Tag Archives: postcodes

SW11 is streets ahead

You can take the poet out of data analysis, Hilaire writes, but you can’t take data analysis out of this poet.

SW postcodes map

Location of south London poems – numbers indicate position in London Undercurrents manuscript

Following on from Joolz’s count of poems per north London postcode, I’ve carried out a similar data collection and analysis exercise for my south London poems. And I can reveal that SW11 has romped home as the winner, with an amazing thirteen London Undercurrents poems. SW8 is a poor second, with three poems. Sharing the wooden spoon with one poem each are SW4, SW17, SW18 and off-the-map SE16 – home of the former Peek Frean’s biscuit factory, where the poem Prunella Clough, Sketching (12) is set. In the 1950s, Clough sketched women working on the Peek Frean production line, later painting a number of canvases featuring female factory workers in her Chelsea studio. Arguably, then, this poem also has a connection to SW3.

Which raises the thorny issue of double counting. The keen-eyed amongst you may have spotted that poem 18 (Clippie, Route 19, 1917) is mapped to both SW17 and SW11. Meet the World War 1 bus conductor, released from domestic service, and relishing her daily back and forth across the river and ‘southbound far as Tooting Bec.’ Poem 22, mapped to SW4, also has links to SW8 (Nine Elms) and SW12 (Balham). Sometimes, it’s hard to pin our women down.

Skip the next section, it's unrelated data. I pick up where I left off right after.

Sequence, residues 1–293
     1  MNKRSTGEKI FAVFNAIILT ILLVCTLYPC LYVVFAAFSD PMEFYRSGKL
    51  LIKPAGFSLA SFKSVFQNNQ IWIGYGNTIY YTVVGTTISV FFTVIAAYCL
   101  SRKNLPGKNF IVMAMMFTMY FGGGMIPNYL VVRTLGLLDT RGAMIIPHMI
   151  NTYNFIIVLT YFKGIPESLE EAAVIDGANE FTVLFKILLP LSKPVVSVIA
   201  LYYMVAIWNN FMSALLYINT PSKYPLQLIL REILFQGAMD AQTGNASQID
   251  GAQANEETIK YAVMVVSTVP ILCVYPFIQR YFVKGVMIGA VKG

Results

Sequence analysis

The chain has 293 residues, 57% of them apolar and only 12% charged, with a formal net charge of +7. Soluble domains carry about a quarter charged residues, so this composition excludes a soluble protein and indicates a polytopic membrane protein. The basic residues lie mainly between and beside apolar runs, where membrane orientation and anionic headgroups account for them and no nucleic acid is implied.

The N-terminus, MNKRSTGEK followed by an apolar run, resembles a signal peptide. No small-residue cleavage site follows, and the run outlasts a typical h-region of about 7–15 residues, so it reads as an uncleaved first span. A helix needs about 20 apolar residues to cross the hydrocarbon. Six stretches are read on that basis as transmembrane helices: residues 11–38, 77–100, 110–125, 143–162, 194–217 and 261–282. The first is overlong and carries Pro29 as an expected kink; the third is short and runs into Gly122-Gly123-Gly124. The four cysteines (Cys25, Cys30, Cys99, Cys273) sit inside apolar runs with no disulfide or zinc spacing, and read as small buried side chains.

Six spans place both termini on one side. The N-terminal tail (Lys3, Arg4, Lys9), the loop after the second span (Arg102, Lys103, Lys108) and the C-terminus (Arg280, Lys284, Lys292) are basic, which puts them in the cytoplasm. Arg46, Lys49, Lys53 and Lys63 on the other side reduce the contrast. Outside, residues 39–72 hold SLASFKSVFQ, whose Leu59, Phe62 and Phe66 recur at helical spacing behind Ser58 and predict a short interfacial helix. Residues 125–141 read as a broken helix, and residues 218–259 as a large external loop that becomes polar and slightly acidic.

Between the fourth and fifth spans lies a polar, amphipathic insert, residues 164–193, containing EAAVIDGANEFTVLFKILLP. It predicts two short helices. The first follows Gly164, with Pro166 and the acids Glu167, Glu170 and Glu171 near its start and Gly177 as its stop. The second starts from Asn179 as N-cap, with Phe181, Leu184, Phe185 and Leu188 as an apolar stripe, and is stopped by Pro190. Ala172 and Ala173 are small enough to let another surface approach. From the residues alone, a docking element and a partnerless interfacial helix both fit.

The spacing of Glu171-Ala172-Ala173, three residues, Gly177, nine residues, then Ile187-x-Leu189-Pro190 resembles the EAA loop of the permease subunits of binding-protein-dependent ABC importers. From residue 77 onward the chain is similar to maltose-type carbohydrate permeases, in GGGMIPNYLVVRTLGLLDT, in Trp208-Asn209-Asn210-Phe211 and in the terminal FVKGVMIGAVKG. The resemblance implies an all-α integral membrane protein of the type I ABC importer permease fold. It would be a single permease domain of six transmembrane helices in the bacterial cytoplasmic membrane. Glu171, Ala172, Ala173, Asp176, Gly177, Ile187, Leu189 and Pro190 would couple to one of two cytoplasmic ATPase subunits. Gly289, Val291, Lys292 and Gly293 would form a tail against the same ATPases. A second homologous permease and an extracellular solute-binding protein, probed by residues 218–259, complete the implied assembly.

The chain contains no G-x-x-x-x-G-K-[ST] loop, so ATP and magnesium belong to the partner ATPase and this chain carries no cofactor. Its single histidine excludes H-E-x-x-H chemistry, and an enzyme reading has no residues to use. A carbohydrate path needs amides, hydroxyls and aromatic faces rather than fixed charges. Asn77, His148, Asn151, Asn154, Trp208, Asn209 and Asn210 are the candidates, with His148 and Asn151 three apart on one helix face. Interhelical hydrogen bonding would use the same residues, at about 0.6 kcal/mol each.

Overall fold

Tricky stuff, data. Almost as tricky as poetry.

Postcode lottery

Some postcodes are richer than others, it seems, when it comes to  north London Undercurrents poem locations, writes Joolz.

 

Graphic pencil_NorthLU.

I’ve plotted each poem location on the map and numbered it with its corresponding position in our manuscript. N1 wins so far, with five poems written in and around its confines, including Chat with a clipper(6) and Picking oakum in the poor house (23).

But I’m sure that once word gets out amongst the other postcodes, plenty of other unheard women’s voices (from the past and present) will seep up through the clay and push themselves forward so they can feature in a London Undercurrents poem too.